Toure Neblett Says Condoleezza Rice ‘for White Supremacy’

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Former MSNBC host Touré Neblett took to the pages of an online blog to call former Secretary of State Condoleezza Rice a “soldier for white supremacy” after she spoke negatively about critical race theory, saying her comments “revolve around the thoughts and needs of white people.”

“Her primary argument against Critical Race Theory is that history should not be taught in a way that makes white kids feel bad,” Neblett wrote in a Friday op-ed for The Grio. “What? We should whitewash U.S. history to protect the feelings of white children? Excuse me, I misspoke — we should whitewash U.S. history even more than we already do in order to protect the feelings of white children?”

Rice, 66, grew up in segregated Alabama before becoming a provost of Stanford University, and later served four years as President George W. Bush’s secretary of state. She made the remarks Neblett referenced in an appearance on The View last week, saying critical race theory “disempowered” Black people and portrayed White people as “guilty.”

“One of the worries that I have about the way that we’re talking about race is that it either seems so big that somehow White people now have to feel guilty for everything that happened in the past,” Rice said. “I don’t think that’s very productive. Or Black people have to feel disempowered by race. I would like Black kids to be completely empowered, to know that they are beautiful in their Blackness, but in order to do that I don’t have to make White kids feel bad for being White.”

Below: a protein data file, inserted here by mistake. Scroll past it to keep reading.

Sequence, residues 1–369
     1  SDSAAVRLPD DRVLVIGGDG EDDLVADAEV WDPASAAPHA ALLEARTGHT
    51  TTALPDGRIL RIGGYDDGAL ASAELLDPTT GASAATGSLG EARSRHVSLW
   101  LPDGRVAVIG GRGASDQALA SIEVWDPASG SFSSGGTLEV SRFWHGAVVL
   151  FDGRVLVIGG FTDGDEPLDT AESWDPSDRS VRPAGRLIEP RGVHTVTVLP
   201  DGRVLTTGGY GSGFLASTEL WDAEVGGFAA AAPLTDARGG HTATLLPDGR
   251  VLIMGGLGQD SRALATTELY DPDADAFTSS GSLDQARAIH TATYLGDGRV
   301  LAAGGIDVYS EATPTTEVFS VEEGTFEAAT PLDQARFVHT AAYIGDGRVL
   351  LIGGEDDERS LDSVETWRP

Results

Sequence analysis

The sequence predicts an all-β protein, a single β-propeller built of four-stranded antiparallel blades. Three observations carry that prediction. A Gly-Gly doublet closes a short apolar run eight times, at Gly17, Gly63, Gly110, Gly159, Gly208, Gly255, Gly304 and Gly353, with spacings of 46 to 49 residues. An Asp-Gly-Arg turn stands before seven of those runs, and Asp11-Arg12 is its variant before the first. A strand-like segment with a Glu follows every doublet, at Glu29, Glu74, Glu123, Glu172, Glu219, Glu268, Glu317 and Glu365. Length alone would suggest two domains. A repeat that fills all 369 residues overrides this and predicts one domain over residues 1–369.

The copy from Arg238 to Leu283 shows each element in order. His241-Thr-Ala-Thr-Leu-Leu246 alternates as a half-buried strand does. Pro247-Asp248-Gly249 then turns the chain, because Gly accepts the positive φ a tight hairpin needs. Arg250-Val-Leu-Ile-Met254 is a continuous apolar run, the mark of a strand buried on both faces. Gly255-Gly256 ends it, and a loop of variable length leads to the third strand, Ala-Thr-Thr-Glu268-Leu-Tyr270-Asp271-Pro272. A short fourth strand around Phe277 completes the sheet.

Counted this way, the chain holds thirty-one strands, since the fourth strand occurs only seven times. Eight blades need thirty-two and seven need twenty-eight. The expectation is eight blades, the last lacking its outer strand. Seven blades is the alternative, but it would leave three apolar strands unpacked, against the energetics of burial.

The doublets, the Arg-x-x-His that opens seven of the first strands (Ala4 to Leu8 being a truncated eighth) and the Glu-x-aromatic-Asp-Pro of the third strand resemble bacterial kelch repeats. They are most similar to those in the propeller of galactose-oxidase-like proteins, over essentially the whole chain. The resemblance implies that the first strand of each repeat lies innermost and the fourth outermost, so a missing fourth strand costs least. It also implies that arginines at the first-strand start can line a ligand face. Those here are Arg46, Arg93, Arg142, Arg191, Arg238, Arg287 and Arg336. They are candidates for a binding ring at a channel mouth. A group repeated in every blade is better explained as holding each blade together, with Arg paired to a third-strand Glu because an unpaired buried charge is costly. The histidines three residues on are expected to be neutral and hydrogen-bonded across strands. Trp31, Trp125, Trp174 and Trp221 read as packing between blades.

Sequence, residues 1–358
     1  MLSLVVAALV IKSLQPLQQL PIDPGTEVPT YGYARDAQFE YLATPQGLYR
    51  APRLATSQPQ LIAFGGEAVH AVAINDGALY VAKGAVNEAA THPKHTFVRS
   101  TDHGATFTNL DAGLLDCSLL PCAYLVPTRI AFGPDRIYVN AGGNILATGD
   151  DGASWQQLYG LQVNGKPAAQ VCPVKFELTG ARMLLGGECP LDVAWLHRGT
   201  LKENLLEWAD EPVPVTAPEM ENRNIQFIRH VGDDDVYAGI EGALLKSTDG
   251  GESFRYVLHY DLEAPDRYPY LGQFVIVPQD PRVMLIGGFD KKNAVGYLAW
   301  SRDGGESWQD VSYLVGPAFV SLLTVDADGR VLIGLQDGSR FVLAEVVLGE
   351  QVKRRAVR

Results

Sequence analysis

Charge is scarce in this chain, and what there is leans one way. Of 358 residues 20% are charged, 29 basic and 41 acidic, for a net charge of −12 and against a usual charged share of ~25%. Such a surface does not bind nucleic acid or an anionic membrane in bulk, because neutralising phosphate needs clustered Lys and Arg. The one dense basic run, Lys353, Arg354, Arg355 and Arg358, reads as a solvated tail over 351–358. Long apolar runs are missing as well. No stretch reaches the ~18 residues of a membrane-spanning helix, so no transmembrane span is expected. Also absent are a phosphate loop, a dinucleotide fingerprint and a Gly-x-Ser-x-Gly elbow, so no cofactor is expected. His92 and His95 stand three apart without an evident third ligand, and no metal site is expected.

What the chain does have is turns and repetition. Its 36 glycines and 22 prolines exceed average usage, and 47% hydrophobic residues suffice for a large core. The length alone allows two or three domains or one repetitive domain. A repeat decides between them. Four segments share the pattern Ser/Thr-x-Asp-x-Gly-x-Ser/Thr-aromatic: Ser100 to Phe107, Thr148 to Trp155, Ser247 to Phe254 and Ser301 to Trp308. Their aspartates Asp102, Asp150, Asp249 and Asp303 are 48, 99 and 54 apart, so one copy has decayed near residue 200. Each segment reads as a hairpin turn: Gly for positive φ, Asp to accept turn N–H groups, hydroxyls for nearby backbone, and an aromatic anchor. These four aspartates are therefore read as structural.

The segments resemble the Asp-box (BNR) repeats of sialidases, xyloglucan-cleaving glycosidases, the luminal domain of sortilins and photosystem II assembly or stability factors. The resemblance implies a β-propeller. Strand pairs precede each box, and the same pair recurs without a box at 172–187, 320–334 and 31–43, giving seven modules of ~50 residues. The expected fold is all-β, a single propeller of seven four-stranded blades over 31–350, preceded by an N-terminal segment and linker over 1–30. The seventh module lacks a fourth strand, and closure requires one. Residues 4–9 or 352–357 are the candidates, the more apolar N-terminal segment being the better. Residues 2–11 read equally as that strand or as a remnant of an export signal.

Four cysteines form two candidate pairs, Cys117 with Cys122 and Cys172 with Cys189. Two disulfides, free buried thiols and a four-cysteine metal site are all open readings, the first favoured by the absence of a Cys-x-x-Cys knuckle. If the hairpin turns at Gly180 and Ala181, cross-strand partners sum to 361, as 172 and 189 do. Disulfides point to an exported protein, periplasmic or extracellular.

Neblett, the 50-year-old former co-host of MSNBC’s The Cycle, took a divergent view of the issue.

“American history is a series of cycles where white people grow more powerful because of the legalized oppression of Black people,” he wrote. “American history is a series of stories where white people knock us down and stand on our necks and then ask why we’re on the ground. If we don’t know history we don’t understand reality and how it was constructed. I really don’t care if learning this makes white kids feel bad — and if it doesn’t then they are too heartless.

“I recall many days where I learned more about slavery or segregation or Jim Crow or lynchings, days in grade school or in college where I was a Black Studies major,” he added. “I often walked out of a classroom in a rage, thinking about the indignities visited upon my ancestors. But when I calmed down I realized those lessons had filled me with a sense of purpose — knowing what my people had gone through from slavery to the Civil Rights and Black Power movements made me feel like I had to do something valuable with my life in order to honor the fights and the sacrifices they had made.”

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